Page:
• Manage Medical Supply Receiving Online
The third step is receiving. That is making sure a practice received the right supplies, the right amount at the right price. Typically, this is done manually by checking the packaging slip against everything that is in the box when it is found at the front desk or back door. Rather this should be automated through technology similar to receiving notifications and confirmations via e-mail or text messages for consumer retail purchases from an online shopping platform. This provides an electronic record of the transaction that can forwarded with the click of a button rather than folding it up, putting it in an envelope and dropping it in the mail. The practice is leveraging technology to share that information with others who need it rather than picking up the phone and trying to reach multiple people.
• Reconcile Medical Supply Order Electronically
The fourth step is payment reconciliation. Typically, the person doing the ordering is not the same person doing the paying. Invoices should be sent electronically to the accounting department, which reconciles the purchase order, the shipping receipt and the invoice to ensure a practice is paying the right price for exactly what it ordered. The net result is accurate and quick payment for medical supplies. That approach also creates an electronic audit trail.
The technologies that automate all four steps—assessment, procurement, receiving, and reconciliation—also should provide practices with other capabilities. Since the technologies should be accessible by mobile devices (e.g. handheld scanners, tablets and smartphones), that makes the supply chain management process more efficient by enabling practices to make purchasing decisions and track orders from any location when it is most convenient. The technologies should also be able to generate standard and customized financial reports based on data collected at each point in the process. The reports should track and analyze spending to flag problem areas or opportunities for savings.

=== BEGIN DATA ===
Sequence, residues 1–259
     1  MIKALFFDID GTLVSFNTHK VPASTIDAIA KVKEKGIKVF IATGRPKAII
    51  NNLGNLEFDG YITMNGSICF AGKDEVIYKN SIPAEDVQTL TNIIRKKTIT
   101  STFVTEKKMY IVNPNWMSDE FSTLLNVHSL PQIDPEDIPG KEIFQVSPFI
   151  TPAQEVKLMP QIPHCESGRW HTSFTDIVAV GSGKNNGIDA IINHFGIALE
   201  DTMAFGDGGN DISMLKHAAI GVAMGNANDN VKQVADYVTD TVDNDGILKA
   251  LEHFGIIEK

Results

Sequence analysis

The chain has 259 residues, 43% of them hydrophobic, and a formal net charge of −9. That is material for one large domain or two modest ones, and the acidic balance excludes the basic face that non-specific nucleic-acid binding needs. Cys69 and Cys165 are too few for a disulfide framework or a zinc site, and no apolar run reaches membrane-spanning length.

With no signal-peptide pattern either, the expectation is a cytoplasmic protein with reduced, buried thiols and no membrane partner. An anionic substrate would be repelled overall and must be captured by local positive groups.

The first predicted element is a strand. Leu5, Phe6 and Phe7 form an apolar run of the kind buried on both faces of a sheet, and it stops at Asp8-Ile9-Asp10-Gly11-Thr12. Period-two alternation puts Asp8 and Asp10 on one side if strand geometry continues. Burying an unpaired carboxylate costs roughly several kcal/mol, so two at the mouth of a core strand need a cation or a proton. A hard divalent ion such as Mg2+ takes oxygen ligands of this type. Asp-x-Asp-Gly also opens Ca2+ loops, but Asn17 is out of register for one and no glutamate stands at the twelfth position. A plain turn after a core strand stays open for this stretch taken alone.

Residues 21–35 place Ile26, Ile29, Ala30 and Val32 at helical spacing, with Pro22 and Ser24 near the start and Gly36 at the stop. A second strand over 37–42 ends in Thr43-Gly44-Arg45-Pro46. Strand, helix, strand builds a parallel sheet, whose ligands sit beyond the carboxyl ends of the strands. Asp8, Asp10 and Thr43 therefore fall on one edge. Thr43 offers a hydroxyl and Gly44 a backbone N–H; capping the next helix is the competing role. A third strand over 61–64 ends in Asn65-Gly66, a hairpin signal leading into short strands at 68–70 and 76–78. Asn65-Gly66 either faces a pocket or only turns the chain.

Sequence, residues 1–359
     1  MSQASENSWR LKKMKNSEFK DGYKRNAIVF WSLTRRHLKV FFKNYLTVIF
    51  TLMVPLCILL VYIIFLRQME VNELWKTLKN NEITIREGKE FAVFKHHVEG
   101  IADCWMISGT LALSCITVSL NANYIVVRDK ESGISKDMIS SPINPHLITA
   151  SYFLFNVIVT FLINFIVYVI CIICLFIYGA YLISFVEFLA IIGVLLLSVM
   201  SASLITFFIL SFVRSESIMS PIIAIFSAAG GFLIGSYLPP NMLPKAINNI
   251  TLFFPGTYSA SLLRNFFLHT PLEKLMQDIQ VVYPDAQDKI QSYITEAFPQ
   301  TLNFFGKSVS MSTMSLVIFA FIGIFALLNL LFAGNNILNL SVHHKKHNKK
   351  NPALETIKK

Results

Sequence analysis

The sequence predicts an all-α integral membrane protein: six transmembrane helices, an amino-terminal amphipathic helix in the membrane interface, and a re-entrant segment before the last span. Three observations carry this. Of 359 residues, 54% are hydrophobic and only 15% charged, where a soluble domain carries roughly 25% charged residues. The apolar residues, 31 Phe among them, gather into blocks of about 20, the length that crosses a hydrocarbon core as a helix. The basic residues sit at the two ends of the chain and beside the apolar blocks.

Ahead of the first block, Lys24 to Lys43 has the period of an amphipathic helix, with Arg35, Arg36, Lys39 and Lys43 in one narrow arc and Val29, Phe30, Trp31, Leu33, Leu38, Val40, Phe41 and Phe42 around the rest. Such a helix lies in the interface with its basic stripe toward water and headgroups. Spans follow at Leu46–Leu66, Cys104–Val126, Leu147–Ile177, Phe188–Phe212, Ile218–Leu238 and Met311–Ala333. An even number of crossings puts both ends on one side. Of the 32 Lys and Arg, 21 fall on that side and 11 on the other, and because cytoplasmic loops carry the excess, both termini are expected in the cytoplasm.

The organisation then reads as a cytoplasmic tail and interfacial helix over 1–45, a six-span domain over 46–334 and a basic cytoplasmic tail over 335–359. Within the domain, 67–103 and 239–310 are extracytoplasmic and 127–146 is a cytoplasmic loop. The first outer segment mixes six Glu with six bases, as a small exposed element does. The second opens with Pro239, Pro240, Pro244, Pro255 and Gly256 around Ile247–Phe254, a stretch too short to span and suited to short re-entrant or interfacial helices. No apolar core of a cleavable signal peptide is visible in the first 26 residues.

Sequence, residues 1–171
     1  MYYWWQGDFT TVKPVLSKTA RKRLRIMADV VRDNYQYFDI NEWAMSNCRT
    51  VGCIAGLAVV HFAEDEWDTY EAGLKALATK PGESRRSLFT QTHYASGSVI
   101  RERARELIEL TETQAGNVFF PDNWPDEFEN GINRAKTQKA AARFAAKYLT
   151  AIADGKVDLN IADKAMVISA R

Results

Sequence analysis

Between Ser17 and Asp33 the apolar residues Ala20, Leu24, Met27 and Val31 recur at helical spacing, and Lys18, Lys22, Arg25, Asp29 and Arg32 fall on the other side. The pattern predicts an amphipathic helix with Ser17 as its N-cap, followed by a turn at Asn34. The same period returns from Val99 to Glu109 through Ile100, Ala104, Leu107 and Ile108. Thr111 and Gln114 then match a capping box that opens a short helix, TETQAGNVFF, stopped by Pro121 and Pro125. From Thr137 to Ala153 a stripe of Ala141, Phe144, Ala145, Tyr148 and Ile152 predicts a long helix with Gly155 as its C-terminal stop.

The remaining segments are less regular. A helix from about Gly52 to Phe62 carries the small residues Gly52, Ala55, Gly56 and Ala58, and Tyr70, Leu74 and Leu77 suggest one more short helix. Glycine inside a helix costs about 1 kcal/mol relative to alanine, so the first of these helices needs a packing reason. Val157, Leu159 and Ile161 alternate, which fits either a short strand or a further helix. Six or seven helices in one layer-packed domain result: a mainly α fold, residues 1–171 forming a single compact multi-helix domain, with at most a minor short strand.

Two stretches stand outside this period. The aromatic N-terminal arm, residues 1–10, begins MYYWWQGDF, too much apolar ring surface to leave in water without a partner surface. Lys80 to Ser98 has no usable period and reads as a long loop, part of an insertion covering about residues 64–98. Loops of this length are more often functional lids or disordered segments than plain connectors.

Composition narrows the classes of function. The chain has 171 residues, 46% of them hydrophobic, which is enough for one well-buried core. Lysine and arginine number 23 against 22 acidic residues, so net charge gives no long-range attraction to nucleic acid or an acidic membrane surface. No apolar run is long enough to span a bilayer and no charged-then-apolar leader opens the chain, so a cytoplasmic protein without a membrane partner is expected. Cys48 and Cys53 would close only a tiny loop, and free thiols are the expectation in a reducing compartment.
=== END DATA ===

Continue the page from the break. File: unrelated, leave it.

Evaluating the Technology Needs
How much technology a practice needs to automate its medical supply management process generally should be based on supply volume. Small practices with five purchase orders a week, for example, should be fine with a small solution for a monthly subscription fee. Large practices with hundreds of purchase orders a week, though, likely would need a larger solution that would require a significant capital outlay. Functionality, features, and applications should match the purchase volume.
Regardless, the return on investment will be there. It will be there from making the supply chain process more efficient and effective. And it will be there from reducing the time clinicians spend on managing their medical supplies and increasing the time they spend on patient care.